In June, I’ll be a rabbi. And I’m terrified about it.
My professional mentors have done everything they can to make me feel better. But alas, on Sunday evening at 11:30PM, my eyes are as wide as half dollars as I stare at the computer screen kvetching about the inevitable.
When the panic sets in, I start to go into flash card overdrive. I conjugate Hebrew verbs in different forms and tenses. I start to quiz myself on the Bible, the characters and their entire life stories. I try to remember every battle won and lost, and by whom and at what time period. Then I start to nervously surf Biblical criticism websites, keeping myself up-to-date on the latest archeological findings in Israel, and trying my damnedest to repeat trope.
And then I think about my “shortcomings”. I did not have to learn Modern Hebrew. I had very limited Rabbinic Hebrew, and my Biblical Hebrew was just enough to make me worthy of tutoring bar mitzvah kids. I’m not an expert on certain areas of halacha. Crap! What do you do if your ox gores someone in the town square, again? Why don’t I know off the top of my head if that’s in tractate Shabbos or Rosh Hashanah?
Trying to overcome my fears through distraction, I check my email. And something magical happens. I get a message like this:
“Dear Patrick, thank you for taking the time to read and reply to my long email. It’s nice to know people care about me. And thank Jeremiah for chatting with me on the website. And also, please tell Ketzirah that I really enjoyed her Shabbat service last week. Looking forward to seeing Brian at the next Torah study on Monday!”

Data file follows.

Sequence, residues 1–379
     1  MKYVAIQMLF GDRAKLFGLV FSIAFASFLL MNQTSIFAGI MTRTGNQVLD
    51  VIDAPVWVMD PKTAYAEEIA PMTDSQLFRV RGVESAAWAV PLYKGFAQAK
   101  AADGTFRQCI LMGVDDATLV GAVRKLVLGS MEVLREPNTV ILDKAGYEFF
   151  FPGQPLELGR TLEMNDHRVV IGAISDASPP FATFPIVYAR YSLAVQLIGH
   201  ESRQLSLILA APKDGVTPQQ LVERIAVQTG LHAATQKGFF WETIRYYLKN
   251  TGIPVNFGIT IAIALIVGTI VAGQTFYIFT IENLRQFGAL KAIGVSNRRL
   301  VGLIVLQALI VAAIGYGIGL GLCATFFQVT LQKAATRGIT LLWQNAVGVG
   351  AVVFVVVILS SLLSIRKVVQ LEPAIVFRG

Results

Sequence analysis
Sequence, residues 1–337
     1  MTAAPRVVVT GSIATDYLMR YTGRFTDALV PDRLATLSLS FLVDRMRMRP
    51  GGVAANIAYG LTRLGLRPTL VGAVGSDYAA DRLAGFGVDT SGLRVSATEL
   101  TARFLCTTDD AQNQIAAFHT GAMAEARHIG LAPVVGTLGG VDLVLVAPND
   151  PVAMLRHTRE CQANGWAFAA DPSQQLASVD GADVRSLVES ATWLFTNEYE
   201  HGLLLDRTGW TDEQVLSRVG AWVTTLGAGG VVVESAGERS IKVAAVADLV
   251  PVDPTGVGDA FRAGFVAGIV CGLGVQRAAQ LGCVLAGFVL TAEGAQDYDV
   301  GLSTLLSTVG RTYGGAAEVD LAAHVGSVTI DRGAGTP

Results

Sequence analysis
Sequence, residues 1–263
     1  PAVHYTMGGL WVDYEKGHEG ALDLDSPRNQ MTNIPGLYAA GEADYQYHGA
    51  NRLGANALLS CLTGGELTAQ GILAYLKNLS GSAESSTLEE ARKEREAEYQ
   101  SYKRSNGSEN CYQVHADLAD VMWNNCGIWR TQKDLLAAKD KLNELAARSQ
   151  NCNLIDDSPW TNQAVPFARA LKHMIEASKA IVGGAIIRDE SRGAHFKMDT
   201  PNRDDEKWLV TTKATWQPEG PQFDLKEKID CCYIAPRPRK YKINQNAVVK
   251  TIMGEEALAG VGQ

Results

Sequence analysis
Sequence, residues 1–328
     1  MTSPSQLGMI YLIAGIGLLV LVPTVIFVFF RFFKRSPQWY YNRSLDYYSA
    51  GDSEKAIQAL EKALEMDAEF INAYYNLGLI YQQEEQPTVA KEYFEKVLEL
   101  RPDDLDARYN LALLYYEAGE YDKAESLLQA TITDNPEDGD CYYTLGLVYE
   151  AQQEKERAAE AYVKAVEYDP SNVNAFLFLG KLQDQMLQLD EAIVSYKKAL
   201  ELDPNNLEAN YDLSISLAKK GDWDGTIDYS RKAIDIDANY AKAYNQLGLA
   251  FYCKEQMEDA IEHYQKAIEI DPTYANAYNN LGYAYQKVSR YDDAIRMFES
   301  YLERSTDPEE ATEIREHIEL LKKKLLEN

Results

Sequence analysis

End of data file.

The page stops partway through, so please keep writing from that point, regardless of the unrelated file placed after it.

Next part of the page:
And then it hits me. My rabbinate is not about me. It’s not what I know, or don’t know, or whether I went to RSI or JTS or RRC or who-gives-a-damn where.
My rabbinate is about you.
It’s about all the time and energy you put into this community. All the hours you spend writing articles, doing design work, helping me “off the edge of a cliff” when some techie issue comes up. It’s about the YouTube videos, the live streaming events, the many times I have laughed and been spiritually fulfilled by some comment in a chat room. It’s about the number of emails that we receive from people all over the world who are grateful for what you and I spend our time doing.
I’m not becoming a rabbi so that I can have a rabbinate. I am becoming a rabbi because it is another way that I can give back to this community that I am lucky to be a part of. If I had become an auto mechanic, I’d be changing your tires so we could hit the road and crash Jewish conventions with our message. If I had become a chef, I’d be making you dinner while you hack out the next cool Jewish eBook.
But I became a rabbi. So I suppose I’ll be doing rabbi things for you.